Finmore didn’t miss the direction of Philip’s glance. “Ah,” he said with a knowing glance. “Right. Of course you would choose the one woman you cannot have.”

Philip scoffed. “Cannot have?”

Finmore cocked an eyebrow at him. “I have watched your oh-so-captivating transformation from strong, capable viscount to clumsy, blubbering idiot in the presence of women. Like you, she has the pick of the Town, and I’m sorry, Ox, but she doesn’t seem to be interested in you.”

Of course Finmore would have noticed what was a source of severe frustration to Philip. Miss Devenish didn’t seem to care overmuch about Philip’s title or wealth or even his appearance, which was generally thought to be well above the average. She treated him just as she treated every other man. He had hope, though, that once she was no longer in mourning, and once he made his intentions known, that would change. 

He swallowed uncomfortably at the thought that his hope might be an unfounded one. But he said nothing, merely watching as Miss Devenish and her father exchanged smiling remarks to one another. Her hair gleamed in the candlelit ballroom, arranged as it was in undulating twists and currents, like freshly poured honey. Her cheeks had that healthy, rosy glow that something artificial like rouge could never achieve. She was certainly not unpleasant to look at.

“I believe she does it to torture everyone,” Finmore said, eyes narrowed as he watched her. “Coming to events like this, I mean, and refusing to dance and make merry. I imagine it gives her a sense of power to hold everyone’s attention and keep the ton on its toes, waiting for her to arrive in anything but half-mourning. I cannot think her brother would wish her to mourn him for this long. Only a tyrant would.”

Philip didn’t believe anything of the sort about Miss Devenish. Finmore, while very capable with women, held a great deal of cynicism toward them. Philip admired Miss Devenish’s devotion to her brother, even if he had a hard time understanding such familial affection.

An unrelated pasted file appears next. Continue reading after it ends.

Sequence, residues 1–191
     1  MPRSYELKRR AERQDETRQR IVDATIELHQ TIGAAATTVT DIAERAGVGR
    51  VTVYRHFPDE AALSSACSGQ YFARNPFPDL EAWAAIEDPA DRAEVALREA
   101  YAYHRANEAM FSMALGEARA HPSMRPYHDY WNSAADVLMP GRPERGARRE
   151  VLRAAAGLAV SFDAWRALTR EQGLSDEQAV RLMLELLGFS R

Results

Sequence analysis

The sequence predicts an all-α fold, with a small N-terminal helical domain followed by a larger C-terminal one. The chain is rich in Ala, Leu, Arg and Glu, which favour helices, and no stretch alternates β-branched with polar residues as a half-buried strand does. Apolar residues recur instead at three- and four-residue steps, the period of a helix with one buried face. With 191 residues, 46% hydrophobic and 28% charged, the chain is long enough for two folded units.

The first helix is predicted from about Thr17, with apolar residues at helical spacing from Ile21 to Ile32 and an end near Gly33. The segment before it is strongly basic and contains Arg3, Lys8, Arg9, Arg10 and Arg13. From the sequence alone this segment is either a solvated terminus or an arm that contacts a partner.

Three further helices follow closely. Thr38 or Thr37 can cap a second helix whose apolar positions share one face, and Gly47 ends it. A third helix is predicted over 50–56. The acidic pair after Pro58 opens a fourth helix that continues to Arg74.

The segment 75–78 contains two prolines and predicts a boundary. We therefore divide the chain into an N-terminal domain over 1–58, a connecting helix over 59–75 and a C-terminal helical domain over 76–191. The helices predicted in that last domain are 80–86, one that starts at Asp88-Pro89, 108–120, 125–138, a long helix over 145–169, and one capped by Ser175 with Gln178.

Finmore took a drink. “In any case, you will need help wooing her.”

“Wooing her?”

Finmore raised his brows. “Yes, wooing her. What reason have you to think she would favor your suit over any of the others?”

Philip shifted uncomfortably. He wasn’t arrogant, but one didn’t grow up a Trent of Oxley Court without a certain awareness of one’s desirability.

Finmore chuckled, seeming to take Philip’s silence as answer enough. “No, Ox. You have your work cut out for you, I’m afraid. Miss Devenish wants to be swept off her feet by someone who knows how to charm.”

“By which I am to understand that I lack such a skill?” Philip knew he did. But he didn’t like the thought that anyone else knew it—even a friend as close as Finmore.

Finmore clapped him on the shoulder. “Yes, Ox. Yes, you do. You are one of those fortunate men who has the luxury of ignoring the art of flattery because you have so many other means of attracting women. Oh, don’t look at me like that, as if I was conveying staggering news. You may be a Nonesuch in every other category, but everyone has their Achilles’ heel, you know. Luckily for you, it is a skill that can be learned.”

Philip crossed his arms across his broad chest and laughed. “And you propose to teach me, I take it?”

Finmore smiled. “No, I haven’t the patience that Herculean task would require.” 

“It is just as well. I need a wife, not a reputation as a rake.”

Finmore chuckled softly and lifted a brow as though a thought had occurred to him. “Perhaps what you need is someone like the Swan.”

A passing woman sent a coy look at Finmore over her splayed fan, and he gave her a half-smile in return.

Philip stifled an eye roll at the silent exchange.

“The Swan?” Philip adjusted his cravat, more curious than he cared to let on.

The young woman sent another glance over her shoulder at Finmore, and his eyes remained on her as he responded. “Yes. Something I heard from McQuaid the other day. Apparently he accompanied his mother to some small town outside of London and discovered a self-proclaimed genius in the art of love—this Swan figure. McQuaid ascribes his success with Miss Curran to heeding the Swan’s counsel. I can find the man’s address if you’d like. Apparently, he runs an advice column in the local newspaper.”

Philip waved his hand dismissively. “No, no.” Surely he wasn’t so hopeless as that with women. He sincerely hoped not.

Finmore shrugged. “Suit yourself. But I can promise you, Miss Devenish won’t be won by a man without any address, be his family and title ever so ancient. Her parents have promised to let her choose her husband, and she is too sentimental to marry purely for convenience. You might simply set your sights a bit lower. Any other woman in the room would have you willingly—oaf that you are.” He clapped Philip on the shoulder with a smile. “I’m for the card table. Join me?”

Philip shook his head, but Finmore seemed to have anticipated the response and was already on his way out of the ballroom. Philip watched his friend disappear into the pockets of people between him and the doorway. The Swan. He scoffed silently. He needed no such help.